As Trump warned North Korea, his 'armada' was headed towards Australia

Cheryl Sanders
April 20, 2017

The New York Times reported on Tuesday, citing defense officials, that communication misfires fanned the incorrect statements that the warships were heading toward North Korea. It was spotted by Defense News, a trade publication, which broke the news that the ship was thousands of miles from where most of the world thought it was.

"The 50 million South Koreans, as well as many common-sensical people around the world, can not help but feel embarrassed and shocked", said Youn Kwan-suk, spokesman of the main opposition Democratic Party, which is leading in voter surveys ahead of the May 9 presidential election.

The presence of the United States carrier strike group, and the threat of a U.S. military strike on North Korea, had weighed heavily on Chinese minds and in the media there.

Japan, the other main US ally in the region, did not comment on the mix-up while China's foreign ministry declined to comment at a regular briefing.

On April 8, US Pacific Command, which oversees military operations in the region, issued a statement saying that the Carl Vinson and an accompanying strike group would leave Singapore and head to the Western Pacific, with a US military official telling CNN that it was a "show of force" in response to North Korea's provocations.


"The president said that we have an armada going towards the peninsula".

Kilby said the mission was to assure America's allies in the region of its commitment to the region as North Korea has accelerated its missile testing program and is widely believed to be poised to light off a sixth nuclear test. The picture was taken last Saturday, four days after White House press secretary Sean Spicer described its mission.

"I think we were asked very clearly about the use of a carrier group in terms of deterrence and foreign presence and what that meant, and we were - that's what we discussed". It's prudent. But it does a lot of things.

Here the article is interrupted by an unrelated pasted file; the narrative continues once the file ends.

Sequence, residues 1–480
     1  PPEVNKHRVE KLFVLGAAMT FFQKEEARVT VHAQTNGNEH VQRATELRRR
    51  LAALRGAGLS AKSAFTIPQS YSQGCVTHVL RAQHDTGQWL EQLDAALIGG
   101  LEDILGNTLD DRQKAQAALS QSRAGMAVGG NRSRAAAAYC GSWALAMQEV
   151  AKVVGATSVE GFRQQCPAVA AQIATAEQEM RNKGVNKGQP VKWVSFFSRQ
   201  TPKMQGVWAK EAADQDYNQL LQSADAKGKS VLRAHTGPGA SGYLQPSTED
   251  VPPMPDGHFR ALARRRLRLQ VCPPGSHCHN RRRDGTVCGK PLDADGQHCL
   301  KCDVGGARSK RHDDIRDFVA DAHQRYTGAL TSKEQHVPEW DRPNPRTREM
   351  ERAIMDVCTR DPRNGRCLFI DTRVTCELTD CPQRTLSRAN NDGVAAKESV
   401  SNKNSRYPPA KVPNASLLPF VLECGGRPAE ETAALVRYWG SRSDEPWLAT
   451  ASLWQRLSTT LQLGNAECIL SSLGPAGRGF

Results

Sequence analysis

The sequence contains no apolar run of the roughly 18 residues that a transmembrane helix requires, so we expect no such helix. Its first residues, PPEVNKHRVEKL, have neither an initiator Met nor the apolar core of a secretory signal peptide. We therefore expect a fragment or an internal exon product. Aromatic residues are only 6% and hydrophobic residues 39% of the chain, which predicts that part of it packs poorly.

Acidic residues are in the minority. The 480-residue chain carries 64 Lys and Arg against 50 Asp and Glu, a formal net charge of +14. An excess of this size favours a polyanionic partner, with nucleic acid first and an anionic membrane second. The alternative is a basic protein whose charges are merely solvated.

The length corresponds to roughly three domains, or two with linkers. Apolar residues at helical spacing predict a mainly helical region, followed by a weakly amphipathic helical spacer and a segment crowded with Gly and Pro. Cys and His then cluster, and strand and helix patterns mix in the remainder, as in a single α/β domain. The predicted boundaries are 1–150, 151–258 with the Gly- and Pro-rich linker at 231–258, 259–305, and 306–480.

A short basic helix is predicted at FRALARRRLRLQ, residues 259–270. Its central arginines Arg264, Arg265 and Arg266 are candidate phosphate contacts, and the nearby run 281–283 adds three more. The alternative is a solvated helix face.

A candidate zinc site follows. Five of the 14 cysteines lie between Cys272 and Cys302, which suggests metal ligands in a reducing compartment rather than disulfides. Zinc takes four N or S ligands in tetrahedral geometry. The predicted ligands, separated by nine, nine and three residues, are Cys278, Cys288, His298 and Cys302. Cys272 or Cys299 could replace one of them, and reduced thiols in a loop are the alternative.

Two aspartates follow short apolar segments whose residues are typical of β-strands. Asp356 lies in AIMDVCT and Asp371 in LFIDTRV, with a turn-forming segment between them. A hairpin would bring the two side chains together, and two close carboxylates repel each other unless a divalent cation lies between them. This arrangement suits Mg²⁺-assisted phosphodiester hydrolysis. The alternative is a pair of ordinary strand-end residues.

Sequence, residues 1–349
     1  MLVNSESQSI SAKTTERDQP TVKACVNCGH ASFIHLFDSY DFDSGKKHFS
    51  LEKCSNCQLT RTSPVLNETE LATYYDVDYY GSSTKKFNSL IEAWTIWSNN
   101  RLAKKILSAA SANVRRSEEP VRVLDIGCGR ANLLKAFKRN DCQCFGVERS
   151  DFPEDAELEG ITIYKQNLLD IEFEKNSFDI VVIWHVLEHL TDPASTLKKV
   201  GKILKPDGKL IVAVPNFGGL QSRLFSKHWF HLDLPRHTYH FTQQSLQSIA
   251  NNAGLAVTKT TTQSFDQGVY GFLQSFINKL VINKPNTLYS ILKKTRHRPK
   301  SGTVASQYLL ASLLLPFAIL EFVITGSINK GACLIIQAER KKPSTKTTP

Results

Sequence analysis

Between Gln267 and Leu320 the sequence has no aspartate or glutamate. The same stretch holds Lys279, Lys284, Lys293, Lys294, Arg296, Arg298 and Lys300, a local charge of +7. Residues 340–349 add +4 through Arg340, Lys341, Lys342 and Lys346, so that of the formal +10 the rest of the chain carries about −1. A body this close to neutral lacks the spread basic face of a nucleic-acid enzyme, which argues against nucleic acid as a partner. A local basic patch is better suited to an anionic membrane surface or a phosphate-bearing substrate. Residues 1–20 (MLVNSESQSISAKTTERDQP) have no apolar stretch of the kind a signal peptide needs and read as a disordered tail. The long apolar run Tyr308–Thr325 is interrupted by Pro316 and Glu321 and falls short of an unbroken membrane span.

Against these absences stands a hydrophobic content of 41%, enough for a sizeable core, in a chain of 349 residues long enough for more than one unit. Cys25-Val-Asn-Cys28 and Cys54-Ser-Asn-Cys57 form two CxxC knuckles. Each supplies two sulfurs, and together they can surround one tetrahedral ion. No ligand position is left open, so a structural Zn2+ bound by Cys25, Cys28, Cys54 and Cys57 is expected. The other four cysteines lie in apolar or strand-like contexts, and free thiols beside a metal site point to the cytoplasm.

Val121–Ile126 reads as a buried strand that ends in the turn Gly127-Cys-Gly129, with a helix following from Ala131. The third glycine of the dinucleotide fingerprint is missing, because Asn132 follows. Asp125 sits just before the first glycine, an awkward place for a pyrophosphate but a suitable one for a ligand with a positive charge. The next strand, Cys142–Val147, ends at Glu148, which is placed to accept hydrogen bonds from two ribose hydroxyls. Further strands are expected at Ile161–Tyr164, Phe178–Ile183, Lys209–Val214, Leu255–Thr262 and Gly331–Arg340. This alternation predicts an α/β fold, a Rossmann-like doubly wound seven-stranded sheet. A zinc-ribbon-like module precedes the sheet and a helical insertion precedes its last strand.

President Trump views North Korea as the biggest threat to peace in the world, and recently dispatched Vice President Mike Pence to Korea to issue a stern warning that the US had lost its patience with the North.

It was revealed this week that the so-called armada, known as the USS Carl Vinson, is only now moving towards the Korean Peninsula.


In an interview that aired April 12 on Fox Business Network, President Donald Trump was asked about the redirection of the ships.

North Korea did not refer to the mix-up but said the United States and its allies "should not mess with us".

But he added: "As all of you know, readiness is the key".

"There's not a specific demand signal or specific reason why we're sending her up there", he said. "We have submarines, very powerful, far more powerful than the aircraft carrier".

There had been confusion after US President Donald Trump boasted early last week that he had sent an "armada" as a warning to North Korea even as the aircraft carrier strike group he spoke of was still far from the Korean peninsula.


What the Navy did not say was that the Carl Vinson had to carry out another mission before it could set sail north: a long-scheduled joint exercise with the Australian navy in the Indian Ocean.

Other reports by iNewsToday

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